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Work in Poland for a person who moved to America as a kid, and who speaks great Polish


Mario203 1 | 1
18 Sep 2018 #1
I was originally born in Poland and moved to America when I was 6. I speak very good Polish with no accent and can read and write fairly well. I am halfway through college and have been playing with the idea of possibly searching for a job in Poland. I will graduate with a degree in manufacturing management. I just want some insight on whether it would be worth coming back to Poland or what my chances of even finding a job are. The plan is to get at least 3 years of experience In America before searching for a job in Poland. Any insight is highly appreciated. Thanks!
mafketis 21 | 7,636
18 Sep 2018 #2
. I just want some insight on whether it would be worth coming back to Poland or what my chances of even finding a job are.

Only you can answer that... finding a job shouldn't be a problem (unless there's a major downturn or something) but how happy you'll be depends on lots of stuff that you didn't include - the Poland you left is dead and there's a new one in its place that may or may not be to your liking. How often have you been back?

Also "read and write fairly well" won't cut it You'll need to be able to do your job in Polish too so you'll need to increase your skills in reading and writing (and probably speaking which probably has lots of gaps if you're anything like other people in your position I've known). Start off by keeping up with your field in Polish (should be stuff online).
terri 1 | 1,660
18 Sep 2018 #3
Finding work will be a lot easier if you possess a Polish passport. If you only have an American one there may be complications with getting a work visa etc.

I would get some experience behind me, but just out of interest search on the internet if there are jobs in your field.
OP Mario203 1 | 1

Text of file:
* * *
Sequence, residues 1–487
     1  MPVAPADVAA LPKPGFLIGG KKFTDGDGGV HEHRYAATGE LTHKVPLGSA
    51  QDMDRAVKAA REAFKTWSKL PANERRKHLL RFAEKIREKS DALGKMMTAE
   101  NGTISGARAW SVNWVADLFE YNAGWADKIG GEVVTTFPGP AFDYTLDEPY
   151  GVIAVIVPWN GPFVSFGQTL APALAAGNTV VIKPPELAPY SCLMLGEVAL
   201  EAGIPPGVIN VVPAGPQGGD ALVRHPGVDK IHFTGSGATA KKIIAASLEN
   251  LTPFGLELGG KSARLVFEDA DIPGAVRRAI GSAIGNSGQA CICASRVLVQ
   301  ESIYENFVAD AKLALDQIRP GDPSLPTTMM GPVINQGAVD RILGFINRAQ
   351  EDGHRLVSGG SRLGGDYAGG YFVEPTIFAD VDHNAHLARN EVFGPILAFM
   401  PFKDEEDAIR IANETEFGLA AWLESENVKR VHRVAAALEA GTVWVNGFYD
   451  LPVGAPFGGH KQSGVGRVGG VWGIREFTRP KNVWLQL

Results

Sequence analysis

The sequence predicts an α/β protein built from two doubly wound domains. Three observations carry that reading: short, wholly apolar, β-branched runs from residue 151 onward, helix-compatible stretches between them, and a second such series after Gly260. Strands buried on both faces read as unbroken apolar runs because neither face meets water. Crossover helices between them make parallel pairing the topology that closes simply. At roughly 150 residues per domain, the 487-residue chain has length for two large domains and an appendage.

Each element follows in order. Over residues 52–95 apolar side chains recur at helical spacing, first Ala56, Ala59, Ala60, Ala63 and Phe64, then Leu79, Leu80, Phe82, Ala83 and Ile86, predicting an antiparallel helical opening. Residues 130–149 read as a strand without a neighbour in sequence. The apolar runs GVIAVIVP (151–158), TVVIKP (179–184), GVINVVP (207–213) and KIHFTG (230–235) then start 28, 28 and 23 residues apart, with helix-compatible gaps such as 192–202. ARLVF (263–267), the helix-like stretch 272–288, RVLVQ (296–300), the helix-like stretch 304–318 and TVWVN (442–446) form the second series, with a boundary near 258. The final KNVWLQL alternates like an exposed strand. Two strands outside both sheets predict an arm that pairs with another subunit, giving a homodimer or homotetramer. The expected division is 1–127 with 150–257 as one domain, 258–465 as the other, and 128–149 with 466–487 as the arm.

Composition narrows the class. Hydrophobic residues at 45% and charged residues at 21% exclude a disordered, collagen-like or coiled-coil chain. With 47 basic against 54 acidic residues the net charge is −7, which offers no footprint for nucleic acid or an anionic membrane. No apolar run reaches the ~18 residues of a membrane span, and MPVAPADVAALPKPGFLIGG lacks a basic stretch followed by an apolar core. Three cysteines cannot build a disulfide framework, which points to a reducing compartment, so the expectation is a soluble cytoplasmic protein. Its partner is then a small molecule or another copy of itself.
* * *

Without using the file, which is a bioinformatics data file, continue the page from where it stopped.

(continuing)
19 Sep 2018 #4
I was in Europe for a couple weeks over the summer but didn't stop in Poland. I absolutely loved the countries i visited so I can only imagine Poland is fairly similar. I plan on going to Poland next summer which will definitely help me decide if this is something I want to go through with. I have been checking job listings and there seem to be plenty of opportunities available. But I definitely need to start brushing up on my reading and writing.
Atch 17 | 3,007
19 Sep 2018 #5
I can only imagine Poland is fairly similar.

It depends on which European countries you were in. The culture, mindset and people vary quite a lot from country to country. Also, it's been said many times on this forum but holidays are a very different matter to living somewhere especially when you have to navigate bureaucracy and find how differently things are done from what you're accustomed to.

One of the things I find difficult about Polish people is that they are somewhat reserved but if they decide they want to be friends with you, they tend to smother you a bit. For me as an Irish person (so also European) I am accustomed to the casual friendliness and outgoing manner of my counytrymen which makes it easy to interact on a day to day basis, but I find the 'be my best friend forever' vibe of Polish people a bit overwhelming. They're very nice, but it's just too much.

Also they don't read signals, you have to be very direct and blunt with them or they don't get the message. I'm not comfortable with that, as such interactions can seem rude/confrontational to me. It's a different communication style.

Another thing is that people in an 'official' position get very defensive and quite angry if you ask for information and they don't have it or if you press them for details. My husband, who is Polish, and myself were once doing some business with a Notary's office and I asked the secretary a few polite questions about the process in the same way I would in Ireland and she replied to my husband 'will you tell your wife that if she keeps asking questions Iike this I will have to ask you to leave' !!!

Recently we had to go to a government office on some business and when my husband asked a question about something not very complex or controversial Pani Kommandant snapped 'What are you asking me for? I'm not a lawyer'. Another time, he was talking to a goverment department and they told him he had to call another internal office. When he asked for the number, the girl actually laughed and said 'look it up'. My husband calls it boorishness and it's found at every level in Polish society. On that occasion my husband 'lifted her out of it' as we'd say in Ireland :)) In other words, he told her in no uncertain terms what he thought of her. That's one of the weird things about Poland, how easy it is to end up having a row with a complete stranger when you're not an aggressive person at all by nature.

They probably seem like trivial things to you but when you have to deal with that every day it can get very wearing.


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